Finally, Dr Michael Kwakkelstein (University of Leiden) spoke about the so-called ‘Bust of Christ as a young man’, a terracotta bust recently exhibited at the Leonardo da Vinci: Scientist, Inventor, Artist exhibition at the Kunsthal, Rotterdam. Discovered in 1931 in a convent at Ascoli Piceno, this bust has been associated by Carlo Pedretti with a reference by Lomazzo to a ‘christo fanciullo’ by Leonardo that he owned in the late sixteenth century. Dr Kwakkelstein proposed, however, that the bust is probably the upper part of the figure of a Saint, perhaps St John the Evangelist, from a terracotta Lamentation group of the type modelled by Niccolė dell’Arca and Guido Mazzoni. There are parallels in life-size figure-sculpture of the time, such as the figure of St Eufemia recently identified as by Andrea Mantegna, for the modelling technique used in this bust. The expressive characterisation of the figure’s ‘moti mentali’ is, Dr Kwakkelstein suggested, beyond the range of a Verrocchio, and is comparable with the composite psychological efects of the Apostles’ heads in Leonardo’s Last Supper. He concluded that although an attribution to Leonardo himself cannot be confirmed, it should not be excluded.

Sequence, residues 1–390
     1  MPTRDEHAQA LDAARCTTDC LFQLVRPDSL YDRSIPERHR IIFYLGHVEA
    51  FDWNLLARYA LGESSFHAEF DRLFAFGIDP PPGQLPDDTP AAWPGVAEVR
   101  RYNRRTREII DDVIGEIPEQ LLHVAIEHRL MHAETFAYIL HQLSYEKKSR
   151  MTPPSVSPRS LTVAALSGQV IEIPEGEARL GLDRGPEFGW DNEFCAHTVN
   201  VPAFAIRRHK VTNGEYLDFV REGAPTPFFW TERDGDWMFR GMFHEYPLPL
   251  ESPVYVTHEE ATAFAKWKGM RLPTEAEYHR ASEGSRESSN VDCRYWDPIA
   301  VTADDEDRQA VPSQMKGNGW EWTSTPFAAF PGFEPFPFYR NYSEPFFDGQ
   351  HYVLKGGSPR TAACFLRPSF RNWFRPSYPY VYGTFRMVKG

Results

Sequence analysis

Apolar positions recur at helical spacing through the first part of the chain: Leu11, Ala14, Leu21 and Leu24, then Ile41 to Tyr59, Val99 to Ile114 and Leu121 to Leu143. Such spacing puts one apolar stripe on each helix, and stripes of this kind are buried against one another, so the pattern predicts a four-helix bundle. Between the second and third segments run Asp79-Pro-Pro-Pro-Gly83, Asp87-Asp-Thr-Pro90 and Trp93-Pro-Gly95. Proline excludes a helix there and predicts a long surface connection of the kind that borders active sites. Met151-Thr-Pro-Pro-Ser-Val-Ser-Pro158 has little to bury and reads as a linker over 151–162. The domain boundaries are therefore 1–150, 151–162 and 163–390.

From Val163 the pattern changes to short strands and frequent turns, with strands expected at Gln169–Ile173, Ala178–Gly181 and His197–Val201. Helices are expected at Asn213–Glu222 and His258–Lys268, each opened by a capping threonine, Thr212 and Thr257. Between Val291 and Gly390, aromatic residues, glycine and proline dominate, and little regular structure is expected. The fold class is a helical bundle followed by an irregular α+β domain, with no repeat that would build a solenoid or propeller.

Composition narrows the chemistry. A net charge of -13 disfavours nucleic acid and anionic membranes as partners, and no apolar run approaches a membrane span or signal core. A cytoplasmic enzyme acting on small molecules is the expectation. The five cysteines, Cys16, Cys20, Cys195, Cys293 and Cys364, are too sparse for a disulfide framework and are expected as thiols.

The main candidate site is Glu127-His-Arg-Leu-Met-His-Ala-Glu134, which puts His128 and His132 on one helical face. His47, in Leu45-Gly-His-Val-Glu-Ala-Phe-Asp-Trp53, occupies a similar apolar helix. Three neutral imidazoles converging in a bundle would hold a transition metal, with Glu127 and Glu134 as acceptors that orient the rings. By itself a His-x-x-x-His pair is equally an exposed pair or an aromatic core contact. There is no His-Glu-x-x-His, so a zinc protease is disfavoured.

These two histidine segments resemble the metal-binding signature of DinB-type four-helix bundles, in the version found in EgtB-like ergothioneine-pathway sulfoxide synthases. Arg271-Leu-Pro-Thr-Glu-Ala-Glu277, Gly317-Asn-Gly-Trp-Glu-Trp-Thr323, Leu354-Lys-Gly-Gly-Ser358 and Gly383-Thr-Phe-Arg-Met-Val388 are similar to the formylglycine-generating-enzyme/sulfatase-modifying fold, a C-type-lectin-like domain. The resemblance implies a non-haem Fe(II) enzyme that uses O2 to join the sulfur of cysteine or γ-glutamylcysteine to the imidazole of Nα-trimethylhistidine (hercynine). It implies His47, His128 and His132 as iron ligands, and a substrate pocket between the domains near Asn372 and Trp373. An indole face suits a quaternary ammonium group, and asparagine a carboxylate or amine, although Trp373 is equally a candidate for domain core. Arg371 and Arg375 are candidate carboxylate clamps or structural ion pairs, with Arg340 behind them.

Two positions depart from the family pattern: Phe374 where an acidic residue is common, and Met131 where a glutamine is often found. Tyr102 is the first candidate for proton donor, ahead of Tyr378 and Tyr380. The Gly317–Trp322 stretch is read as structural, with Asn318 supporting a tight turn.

Art and Science in the Italian Renaissance: Vitruvian Themes
The sixth in the series of annual symposia on ‘Art and Science in the Italian Renaissance’ organised jointly by the Leonardo da Vinci Society and the Society for Renaissance Studies will be held on Friday 31 January 1997, as usual at the Warburg Institute, Woburn Square, London WC1. The subject for the forthcoming symposium is ‘Vitruvian Themes’; the organiser is Dr J.V. Field. The following papers will be given: